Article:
Aspen Bridging director Jack Coombs explains how understanding some of the finer points managed to save a previously dead deal at the last minute.
The borrower was originally acquiring a property with term finance which they planned to develop into a small house in multiple occupation (HMO).
However, this fell through at the eleventh hour when the lender discovered that the geographical area fell under Article 4 direction.
An Article 4 direction is made by the local planning authority.
It restricts the scope of permitted development rights either in relation to a particular area or site, or a particular type of development anywhere in the authority’s area.
Where an Article 4 direction is in effect, a planning application may be required for development that would otherwise have been permitted development.
Article 4 directions are used to control works that could threaten the character of an area of acknowledged importance, such as a conservation area.
In this instance the application showed that the property had established use as a single dwelling house, which comes under planning use class C3. The new owner wanted to use it as a small HMO which is planning use class C4, and that required planning consent with the local authority and property owners in the area.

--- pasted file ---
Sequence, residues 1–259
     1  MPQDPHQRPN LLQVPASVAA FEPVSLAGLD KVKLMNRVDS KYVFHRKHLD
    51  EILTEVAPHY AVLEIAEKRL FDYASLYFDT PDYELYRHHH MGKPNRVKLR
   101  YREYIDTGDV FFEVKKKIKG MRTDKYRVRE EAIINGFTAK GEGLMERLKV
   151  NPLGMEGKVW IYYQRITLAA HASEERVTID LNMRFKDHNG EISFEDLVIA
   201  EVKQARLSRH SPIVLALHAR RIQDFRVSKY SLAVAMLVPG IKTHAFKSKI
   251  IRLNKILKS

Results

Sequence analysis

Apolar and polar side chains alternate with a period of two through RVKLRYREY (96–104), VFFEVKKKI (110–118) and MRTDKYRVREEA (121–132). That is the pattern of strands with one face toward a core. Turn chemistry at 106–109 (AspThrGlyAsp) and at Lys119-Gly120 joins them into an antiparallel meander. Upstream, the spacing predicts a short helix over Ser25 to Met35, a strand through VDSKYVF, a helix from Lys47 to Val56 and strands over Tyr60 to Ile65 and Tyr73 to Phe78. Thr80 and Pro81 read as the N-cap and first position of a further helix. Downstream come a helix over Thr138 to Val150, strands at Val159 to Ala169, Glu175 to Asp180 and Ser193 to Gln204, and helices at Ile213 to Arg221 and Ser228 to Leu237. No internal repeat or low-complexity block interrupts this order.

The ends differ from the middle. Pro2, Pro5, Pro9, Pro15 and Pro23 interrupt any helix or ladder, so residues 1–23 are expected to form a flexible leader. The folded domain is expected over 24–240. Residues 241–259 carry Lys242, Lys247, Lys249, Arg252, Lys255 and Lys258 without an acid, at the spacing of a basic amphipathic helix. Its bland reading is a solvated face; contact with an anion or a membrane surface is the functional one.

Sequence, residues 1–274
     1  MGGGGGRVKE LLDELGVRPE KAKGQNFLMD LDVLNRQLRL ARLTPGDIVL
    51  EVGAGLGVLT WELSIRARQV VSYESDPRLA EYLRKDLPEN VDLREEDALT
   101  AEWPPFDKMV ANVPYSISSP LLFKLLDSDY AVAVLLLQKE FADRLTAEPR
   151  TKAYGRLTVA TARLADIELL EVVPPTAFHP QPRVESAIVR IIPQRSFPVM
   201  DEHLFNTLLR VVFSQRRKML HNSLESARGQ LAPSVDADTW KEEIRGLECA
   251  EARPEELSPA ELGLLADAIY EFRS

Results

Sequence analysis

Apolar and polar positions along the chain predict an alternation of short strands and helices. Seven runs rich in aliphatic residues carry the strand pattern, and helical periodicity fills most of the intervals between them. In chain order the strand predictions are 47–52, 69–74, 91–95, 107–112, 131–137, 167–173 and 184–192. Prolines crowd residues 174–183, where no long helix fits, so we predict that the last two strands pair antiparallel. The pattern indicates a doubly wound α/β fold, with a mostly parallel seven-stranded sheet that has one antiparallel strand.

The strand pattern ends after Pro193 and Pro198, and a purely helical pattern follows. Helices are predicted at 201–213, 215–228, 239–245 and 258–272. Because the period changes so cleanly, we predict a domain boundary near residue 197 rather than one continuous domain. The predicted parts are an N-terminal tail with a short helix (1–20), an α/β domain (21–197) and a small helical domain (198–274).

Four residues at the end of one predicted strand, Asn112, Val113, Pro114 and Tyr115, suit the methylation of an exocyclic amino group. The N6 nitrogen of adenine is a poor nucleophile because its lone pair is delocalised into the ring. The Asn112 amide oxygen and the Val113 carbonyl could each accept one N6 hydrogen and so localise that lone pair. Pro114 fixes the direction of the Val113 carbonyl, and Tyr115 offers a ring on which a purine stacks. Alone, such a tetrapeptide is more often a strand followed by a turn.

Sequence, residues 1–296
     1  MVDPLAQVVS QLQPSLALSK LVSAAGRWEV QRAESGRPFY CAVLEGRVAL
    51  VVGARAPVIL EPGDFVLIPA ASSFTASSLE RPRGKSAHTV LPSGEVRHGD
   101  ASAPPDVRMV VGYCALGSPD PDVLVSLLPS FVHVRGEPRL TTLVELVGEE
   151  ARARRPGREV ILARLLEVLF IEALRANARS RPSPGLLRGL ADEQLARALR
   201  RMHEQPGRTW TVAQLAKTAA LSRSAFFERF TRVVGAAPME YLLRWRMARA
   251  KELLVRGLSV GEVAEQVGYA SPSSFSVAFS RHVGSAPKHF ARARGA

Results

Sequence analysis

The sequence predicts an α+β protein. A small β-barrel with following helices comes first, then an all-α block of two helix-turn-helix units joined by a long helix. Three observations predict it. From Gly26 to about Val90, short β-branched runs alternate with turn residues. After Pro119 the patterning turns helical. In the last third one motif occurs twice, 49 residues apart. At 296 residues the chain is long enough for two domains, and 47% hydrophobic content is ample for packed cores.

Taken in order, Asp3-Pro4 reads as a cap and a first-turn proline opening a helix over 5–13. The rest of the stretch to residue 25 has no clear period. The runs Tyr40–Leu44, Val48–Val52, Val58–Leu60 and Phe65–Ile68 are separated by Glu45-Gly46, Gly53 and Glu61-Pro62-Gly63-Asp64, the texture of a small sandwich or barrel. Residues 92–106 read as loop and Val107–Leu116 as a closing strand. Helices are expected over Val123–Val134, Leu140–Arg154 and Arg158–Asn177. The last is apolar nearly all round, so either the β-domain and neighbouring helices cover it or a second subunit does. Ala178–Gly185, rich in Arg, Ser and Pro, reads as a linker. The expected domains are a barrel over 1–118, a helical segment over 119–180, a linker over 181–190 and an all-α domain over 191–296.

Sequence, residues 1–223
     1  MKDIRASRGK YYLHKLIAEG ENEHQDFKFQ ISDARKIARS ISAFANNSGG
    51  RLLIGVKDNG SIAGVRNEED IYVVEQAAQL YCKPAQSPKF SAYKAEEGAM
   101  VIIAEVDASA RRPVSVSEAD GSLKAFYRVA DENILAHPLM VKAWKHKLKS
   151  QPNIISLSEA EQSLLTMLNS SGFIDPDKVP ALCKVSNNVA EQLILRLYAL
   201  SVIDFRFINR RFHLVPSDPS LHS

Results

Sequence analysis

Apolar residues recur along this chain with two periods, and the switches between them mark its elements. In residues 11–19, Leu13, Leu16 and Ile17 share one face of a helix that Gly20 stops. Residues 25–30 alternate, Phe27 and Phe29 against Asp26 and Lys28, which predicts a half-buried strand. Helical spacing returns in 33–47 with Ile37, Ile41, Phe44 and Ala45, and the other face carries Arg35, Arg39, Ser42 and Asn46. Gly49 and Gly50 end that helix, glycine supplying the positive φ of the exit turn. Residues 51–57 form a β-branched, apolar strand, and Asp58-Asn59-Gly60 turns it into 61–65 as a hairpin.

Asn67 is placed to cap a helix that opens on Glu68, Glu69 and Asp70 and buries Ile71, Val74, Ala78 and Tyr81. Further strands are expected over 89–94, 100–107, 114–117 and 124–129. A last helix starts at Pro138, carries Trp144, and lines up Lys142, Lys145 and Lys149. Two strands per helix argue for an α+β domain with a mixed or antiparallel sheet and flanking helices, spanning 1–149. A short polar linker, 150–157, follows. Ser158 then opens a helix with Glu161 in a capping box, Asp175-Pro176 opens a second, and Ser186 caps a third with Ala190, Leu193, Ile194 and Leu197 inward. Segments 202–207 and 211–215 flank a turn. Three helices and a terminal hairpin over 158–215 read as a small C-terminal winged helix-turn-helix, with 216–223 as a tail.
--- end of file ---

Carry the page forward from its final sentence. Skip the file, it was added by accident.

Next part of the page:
After the initial lender pulled out of the deal the broker contacted Aspen Bridging to try to find a solution.
Added to the legalities was a very tight timescale, with the borrower needing to complete in four days otherwise their deposit would be lost.
Aspen undertook research and could prove that the property had been operating as a small HMO for more than 10 years, thus falling outside Article 4 direction’s remit through time elapsed.
A £249,928.29 gross facility was agreed which represented a 73 per cent loan to value (LTV) semi-commercial deal, with purchase completed in under four days.
Exit was planned through a switch to term finance.